Tuesday, October 6, 2009

Behind those pesky, inconvenient autism statistics

Turns out it's not the massive assault on our children by mind-crushing vaccines. It's just a tweak in the data. In fact vaccines are not mentioned once in the entire article. Even if many of these kids don't technically have autism, the fact is mental disorders of one sort or another are exploding. This of course is never addressed in the article. The message here is clear, if you know how to read their propaganda - in this case, lies by omission: autism isn't the epidemic you think it is, and it certainly has nothing to do with the many dozens of vaccines we subject our children to.

What is it about the establishment and vaccines? Are they some sort of sacred cow? Are they a bunch of 10 year olds who can't admit they're wrong?

Or is it something more sinister? Do they know vaccines are frying our children's brains, and is that not the desired effect? I say it is.

    The Atlantic -

    This week, the journal Pediatrics released new statistics compiled by the CDC on the prevalence of autism, boosting the rate from 1 in 150 to 1 in 100. It’s another staggering leap in an apparent epidemic—more than doubling the rate of children diagnosed with autism since 1996. Indeed, over the past dozen years, autism has made sad, steady progress from obscure syndrome to seemingly ubiquitous developmental disorder.

    In every state, our scary autism epidemic fuels walkathons, awareness events, and a proliferation of local chapters of national autism organizations. And across the country, concerned parents whose children aren’t keeping up or seem troublingly different, turn to medical professionals and early childhood educators for evaluation and help. The problems are real.

    But what if the autism statistics are wrong?

    In 1987, the Diagnostic and Statistic Manual of Mental Disorders (DSM) began broadening the definition of autism to include not only children for whom socialization is impossible, but also those with varying levels of ability to interact and function. What was once a devastating affliction known simply as “autism” evolved into a “spectrum” of disorders, encompassing everything from profound impairment to far milder challenges. Naturally, this more expansive definition of autism partly explains the exponential increase in diagnoses in recent years.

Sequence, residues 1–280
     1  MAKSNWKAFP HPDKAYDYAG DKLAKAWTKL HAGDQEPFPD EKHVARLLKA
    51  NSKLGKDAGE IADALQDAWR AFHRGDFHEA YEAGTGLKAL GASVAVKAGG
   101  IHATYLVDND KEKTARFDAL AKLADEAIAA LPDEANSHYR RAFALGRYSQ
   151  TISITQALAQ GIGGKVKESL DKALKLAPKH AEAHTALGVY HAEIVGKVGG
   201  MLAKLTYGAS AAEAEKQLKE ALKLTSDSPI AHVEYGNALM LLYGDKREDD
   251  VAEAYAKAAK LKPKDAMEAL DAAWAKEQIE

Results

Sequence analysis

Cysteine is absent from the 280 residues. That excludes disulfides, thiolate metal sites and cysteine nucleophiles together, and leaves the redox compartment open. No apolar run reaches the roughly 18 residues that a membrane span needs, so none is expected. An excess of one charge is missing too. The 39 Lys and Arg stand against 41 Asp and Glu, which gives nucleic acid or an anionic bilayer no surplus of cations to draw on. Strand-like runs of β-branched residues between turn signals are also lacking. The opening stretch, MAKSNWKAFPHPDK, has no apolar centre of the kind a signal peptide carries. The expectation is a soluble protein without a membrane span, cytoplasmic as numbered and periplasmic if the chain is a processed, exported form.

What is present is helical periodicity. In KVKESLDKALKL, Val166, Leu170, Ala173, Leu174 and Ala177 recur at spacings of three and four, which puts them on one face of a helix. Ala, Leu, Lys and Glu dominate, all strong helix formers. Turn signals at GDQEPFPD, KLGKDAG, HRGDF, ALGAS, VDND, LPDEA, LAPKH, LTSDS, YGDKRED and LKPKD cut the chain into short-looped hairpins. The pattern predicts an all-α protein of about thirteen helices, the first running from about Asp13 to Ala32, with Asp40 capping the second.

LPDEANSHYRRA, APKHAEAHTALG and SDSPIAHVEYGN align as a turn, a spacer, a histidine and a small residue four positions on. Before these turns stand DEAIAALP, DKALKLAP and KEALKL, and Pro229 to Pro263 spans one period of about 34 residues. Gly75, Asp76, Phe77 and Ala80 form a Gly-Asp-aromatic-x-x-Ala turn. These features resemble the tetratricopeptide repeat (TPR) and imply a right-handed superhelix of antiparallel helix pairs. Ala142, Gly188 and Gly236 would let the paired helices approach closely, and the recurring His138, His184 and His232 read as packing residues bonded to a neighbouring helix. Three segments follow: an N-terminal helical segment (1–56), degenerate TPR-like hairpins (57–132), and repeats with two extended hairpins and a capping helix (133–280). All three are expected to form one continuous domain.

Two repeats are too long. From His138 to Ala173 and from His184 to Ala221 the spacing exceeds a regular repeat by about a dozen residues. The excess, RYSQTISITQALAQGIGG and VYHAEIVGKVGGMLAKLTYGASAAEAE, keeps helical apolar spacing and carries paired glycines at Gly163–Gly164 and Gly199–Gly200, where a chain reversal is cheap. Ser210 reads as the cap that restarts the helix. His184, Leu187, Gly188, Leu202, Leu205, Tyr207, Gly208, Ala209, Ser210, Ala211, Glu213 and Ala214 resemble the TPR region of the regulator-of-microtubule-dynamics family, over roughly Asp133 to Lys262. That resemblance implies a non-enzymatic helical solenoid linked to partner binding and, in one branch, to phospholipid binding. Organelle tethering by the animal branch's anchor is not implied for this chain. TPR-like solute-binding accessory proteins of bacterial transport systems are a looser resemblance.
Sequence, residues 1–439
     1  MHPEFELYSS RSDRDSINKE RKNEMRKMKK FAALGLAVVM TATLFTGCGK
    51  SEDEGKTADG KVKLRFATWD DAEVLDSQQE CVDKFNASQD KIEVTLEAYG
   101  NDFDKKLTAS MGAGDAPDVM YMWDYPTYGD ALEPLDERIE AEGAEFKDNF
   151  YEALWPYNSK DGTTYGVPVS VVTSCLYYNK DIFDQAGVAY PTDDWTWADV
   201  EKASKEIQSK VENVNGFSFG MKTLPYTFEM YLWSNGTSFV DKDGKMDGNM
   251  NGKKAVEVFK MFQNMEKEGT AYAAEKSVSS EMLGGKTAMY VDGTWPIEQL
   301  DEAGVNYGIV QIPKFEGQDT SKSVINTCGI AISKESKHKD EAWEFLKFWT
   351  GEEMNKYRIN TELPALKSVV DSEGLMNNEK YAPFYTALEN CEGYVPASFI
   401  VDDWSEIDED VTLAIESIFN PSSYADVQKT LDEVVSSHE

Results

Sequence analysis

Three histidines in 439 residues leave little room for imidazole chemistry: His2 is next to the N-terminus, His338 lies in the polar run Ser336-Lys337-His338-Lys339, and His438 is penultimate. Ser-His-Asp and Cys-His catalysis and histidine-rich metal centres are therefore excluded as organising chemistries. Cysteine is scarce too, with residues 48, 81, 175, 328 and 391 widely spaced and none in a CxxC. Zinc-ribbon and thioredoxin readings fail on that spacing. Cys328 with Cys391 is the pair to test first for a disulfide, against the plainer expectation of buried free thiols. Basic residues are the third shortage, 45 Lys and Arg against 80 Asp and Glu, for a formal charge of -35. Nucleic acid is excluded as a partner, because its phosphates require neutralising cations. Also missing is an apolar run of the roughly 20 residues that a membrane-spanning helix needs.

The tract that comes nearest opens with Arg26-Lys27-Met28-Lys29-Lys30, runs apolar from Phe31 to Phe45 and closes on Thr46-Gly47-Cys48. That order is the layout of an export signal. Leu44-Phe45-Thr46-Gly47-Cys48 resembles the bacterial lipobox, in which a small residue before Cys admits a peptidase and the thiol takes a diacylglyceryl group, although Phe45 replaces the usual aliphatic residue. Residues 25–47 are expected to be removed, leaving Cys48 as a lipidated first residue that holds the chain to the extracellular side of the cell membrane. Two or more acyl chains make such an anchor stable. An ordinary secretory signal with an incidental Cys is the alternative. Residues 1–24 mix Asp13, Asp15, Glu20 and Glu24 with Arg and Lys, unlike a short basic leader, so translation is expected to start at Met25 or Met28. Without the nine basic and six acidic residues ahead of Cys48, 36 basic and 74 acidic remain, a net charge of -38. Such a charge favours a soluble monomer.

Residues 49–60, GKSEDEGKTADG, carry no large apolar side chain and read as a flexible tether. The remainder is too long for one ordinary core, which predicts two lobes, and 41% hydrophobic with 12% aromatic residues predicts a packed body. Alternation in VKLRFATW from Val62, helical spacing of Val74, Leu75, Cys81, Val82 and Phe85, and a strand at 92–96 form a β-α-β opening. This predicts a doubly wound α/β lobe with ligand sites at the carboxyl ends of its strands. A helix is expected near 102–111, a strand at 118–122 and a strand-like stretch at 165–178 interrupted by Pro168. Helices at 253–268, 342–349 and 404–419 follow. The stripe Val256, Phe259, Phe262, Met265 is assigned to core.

But many children whose symptoms significantly differ from classic autism—who belong only on the milder end of the autism spectrum, if they belong anywhere on the spectrum at all—are inaccurately ending up with serious autism diagnoses.

    How does this happen? When doctors drop the a-bomb on a family, it helps to have an action-plan, answers, and ready resources at hand to reassure the frantic parents. Many states offer autism intervention services, but most don’t offer subsidized therapies for children who are falling off of the developmental ladder due to milder disorders—sometimes sensory, sometimes in motor planning or other areas.

    So parents whose kids’ challenges are less severe are often urged to accept a full-fledged autism diagnosis, as otherwise they would lose access to state-funded treatment, and might, down the line, end up ineligible for support services in public school. The result is that the autism statistics grow and grow.

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